Yes, that is a clockwork computer.Yes, that is a clockwork computer.

Then there are the interactable Hidden Object games for which there is no convenient acronym. In these scenes, players see silhouettes of the objects that they must find, but each object can then be used to solve a puzzle within the same scene. For example, players may find kindling and a match. Once the kindling is put in the correct place and is lit with the match, the smoke may scare away a nearby creature and make a new object visible. Other mini-games take the form of a variety of logic puzzles. None of these mini-games are too difficult, but the player does have the option to skip them if they hit a wall. Be aware, though, that you will cheat your way out of an achievement if you choose to do this. The game does offer two difficulty levels, Normal and Expert, but all that this does is to change the availability of hints and HUD clues. Most players will easily complete the game on Expert difficulty. This is not necessarily a bad thing and it makes the game much more accessible to a wider audience. You don't need to be a veteran of the genre to be able to reach the end of the game.

The game's story travels along at a satisfying pace. The game may be short at just 3-5 hours for completion, but this means that it doesn't outstay its welcome. Over this period of time, players will be treated to a very pretty village where a lot of care has been taken over the hand-drawn appearance of the game's characters and scenery. The voice acting is a little more hit or miss. The game's leading characters are voiced adequately, but some of the supporting characters will make you squirm, especially the hilarious over-the-top German accents afforded to Gerhard Barber and his soldiers.

You need to talk to all of these people. That may also include the cat.You need to talk to all of these people. That may also include the cat.

Upon completion of the story, players will unlock a final bonus prequel chapter that tells the story of Ink and the reason why he felt the need to request the help of Glass. The chapter will add an extra hour to your play time and offers more of the same, the story necessitating the re-use of many locations and characters. You will need to complete this chapter to earn one of the game's achievements, the other 17 of which can be earned in a single playthrough of the story. To do this, you'll need to make sure that you play on Expert difficulty and not skip any of the game's mini-games. You will also need to find all of the game's Steambug collectibles, of which there is one in every location, and there is one missable achievement that requires players to talk to everyone in the Inn. None of these will provide much of a challenge.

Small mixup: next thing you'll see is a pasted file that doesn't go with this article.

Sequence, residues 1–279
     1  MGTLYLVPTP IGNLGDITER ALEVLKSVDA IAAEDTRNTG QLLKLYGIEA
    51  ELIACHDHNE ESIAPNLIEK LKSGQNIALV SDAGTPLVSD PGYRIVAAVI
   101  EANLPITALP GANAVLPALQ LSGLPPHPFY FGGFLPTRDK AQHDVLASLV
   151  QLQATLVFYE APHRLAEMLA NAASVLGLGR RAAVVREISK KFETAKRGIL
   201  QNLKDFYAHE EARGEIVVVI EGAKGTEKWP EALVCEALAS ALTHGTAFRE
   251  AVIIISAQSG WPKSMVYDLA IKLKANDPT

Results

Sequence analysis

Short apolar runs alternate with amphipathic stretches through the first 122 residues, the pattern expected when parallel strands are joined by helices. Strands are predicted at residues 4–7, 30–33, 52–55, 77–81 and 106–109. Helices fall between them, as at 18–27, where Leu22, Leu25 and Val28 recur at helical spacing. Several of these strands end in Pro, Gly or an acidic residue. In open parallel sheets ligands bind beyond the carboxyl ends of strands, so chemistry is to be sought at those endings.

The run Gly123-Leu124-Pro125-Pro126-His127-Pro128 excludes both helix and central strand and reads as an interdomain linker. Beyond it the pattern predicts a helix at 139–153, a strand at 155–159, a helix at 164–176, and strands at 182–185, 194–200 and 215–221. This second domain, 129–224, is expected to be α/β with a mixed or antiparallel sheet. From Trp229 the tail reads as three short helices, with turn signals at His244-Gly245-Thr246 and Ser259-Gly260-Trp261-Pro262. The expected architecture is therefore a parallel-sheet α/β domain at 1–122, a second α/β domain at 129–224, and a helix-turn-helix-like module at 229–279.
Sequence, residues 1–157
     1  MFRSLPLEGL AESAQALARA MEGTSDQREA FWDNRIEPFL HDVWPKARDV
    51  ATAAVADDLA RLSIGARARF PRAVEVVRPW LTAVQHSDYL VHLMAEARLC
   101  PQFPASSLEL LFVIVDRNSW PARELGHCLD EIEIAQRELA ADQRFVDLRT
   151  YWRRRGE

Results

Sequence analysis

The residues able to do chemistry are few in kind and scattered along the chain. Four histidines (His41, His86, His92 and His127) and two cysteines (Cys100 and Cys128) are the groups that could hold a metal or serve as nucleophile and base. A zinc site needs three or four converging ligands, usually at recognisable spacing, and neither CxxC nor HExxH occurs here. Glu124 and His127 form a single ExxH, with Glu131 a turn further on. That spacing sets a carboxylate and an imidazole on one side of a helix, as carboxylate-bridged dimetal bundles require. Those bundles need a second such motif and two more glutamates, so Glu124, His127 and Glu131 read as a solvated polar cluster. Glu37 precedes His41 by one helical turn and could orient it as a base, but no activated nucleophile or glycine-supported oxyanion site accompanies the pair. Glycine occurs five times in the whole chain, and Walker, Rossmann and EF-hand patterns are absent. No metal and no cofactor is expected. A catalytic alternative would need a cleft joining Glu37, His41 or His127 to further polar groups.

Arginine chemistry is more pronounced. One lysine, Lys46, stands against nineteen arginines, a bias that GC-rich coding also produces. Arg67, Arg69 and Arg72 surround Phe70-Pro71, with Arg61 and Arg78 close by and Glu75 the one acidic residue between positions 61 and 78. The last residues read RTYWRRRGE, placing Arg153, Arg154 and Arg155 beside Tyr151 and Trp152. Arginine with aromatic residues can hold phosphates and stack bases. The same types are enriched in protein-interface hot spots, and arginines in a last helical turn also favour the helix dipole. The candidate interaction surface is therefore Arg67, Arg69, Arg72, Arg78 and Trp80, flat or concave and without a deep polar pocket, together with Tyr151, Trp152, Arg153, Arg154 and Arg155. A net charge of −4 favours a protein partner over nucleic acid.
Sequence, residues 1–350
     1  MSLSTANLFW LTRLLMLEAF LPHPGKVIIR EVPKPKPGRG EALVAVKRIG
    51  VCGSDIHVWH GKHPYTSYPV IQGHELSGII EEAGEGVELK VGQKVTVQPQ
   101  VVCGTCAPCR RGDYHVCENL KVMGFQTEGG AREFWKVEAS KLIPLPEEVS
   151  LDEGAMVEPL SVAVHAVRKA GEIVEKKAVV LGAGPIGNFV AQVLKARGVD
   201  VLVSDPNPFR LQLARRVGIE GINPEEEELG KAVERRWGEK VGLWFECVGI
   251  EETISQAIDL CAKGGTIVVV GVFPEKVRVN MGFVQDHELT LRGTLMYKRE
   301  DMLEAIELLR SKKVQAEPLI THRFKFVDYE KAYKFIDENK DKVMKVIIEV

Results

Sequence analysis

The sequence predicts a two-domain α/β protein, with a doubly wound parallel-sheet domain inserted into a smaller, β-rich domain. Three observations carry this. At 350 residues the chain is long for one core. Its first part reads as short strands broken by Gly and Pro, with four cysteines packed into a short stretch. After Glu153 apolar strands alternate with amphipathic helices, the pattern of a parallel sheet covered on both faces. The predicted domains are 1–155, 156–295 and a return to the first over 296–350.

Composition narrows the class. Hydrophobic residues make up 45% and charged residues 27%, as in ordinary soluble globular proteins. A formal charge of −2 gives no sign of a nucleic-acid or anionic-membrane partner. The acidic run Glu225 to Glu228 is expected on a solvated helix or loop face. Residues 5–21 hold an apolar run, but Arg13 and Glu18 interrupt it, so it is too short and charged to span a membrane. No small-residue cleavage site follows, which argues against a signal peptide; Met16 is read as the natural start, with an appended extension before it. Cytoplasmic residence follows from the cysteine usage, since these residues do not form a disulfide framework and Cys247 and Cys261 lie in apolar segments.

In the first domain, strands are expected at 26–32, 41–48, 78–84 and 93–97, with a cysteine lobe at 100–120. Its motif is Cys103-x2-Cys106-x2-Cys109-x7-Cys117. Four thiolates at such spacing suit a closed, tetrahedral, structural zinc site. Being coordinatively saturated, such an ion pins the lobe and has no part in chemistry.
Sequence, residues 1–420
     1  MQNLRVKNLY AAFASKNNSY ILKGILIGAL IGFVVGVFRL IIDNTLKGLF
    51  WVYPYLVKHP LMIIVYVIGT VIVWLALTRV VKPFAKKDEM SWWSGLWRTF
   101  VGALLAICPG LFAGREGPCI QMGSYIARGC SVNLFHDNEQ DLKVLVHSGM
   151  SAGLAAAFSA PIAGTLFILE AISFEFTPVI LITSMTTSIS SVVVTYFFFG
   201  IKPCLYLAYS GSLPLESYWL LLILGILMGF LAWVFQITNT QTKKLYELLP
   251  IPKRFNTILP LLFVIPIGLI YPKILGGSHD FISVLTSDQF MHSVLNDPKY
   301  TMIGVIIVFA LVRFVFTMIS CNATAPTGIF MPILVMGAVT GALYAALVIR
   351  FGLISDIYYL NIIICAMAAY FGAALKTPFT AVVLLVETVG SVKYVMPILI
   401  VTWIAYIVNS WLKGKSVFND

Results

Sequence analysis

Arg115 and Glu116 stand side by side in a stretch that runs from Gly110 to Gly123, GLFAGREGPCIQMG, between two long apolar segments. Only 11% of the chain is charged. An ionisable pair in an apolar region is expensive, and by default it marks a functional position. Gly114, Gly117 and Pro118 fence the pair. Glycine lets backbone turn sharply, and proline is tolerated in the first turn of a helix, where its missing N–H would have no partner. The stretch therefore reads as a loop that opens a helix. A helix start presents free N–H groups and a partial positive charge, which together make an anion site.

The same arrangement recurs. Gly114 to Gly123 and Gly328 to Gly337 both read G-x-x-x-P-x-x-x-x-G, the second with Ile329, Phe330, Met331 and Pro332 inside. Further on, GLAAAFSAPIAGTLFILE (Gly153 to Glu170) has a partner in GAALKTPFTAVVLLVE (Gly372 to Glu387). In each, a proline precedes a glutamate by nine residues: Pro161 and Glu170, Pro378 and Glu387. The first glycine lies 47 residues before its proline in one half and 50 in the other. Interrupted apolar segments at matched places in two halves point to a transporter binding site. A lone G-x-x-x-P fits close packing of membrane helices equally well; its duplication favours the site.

Clockwork Tales: Of Glass and Ink will surprise many gamers. While genre aficionados might find the gameplay a bit too simple, most will appreciate its accessibility. Artifex Mundi's experience with the genre is obvious with well-balanced hidden object gameplay coupled with puzzles that never feel frustrating. Although the game may feel short, the story doesn't outstay its welcome and players will likely appreciate the shorter amount of time spent listening to the variable quality of the voice acting. Adventure fans shouldn't pass this one up, and even those who don't normally play this type of game should perhaps consider splashing out on an easy and enjoyable completion.
4 / 5
  • Simple and accessible gameplay
  • Pretty graphics
  • Pictorial clues can be too small
  • Questionable voice acting
Ethics Statement
The reviewer spent five hours trudging through the snow and avoiding hostile clockwork contraptions to solve the mystery of the earthquakes and earn all 18 of the game's achievements. An Xbox One review copy was provided by the developer for the purpose of this review.
Rebecca Smith
Written by Rebecca Smith
Rebecca is the Newshound Manager at TrueGaming Network. She has been contributing articles since 2010, especially those that involve intimidatingly long lists. When not writing news, she works in an independent game shop so that she can spend all day talking about games too. She'll occasionally go outside.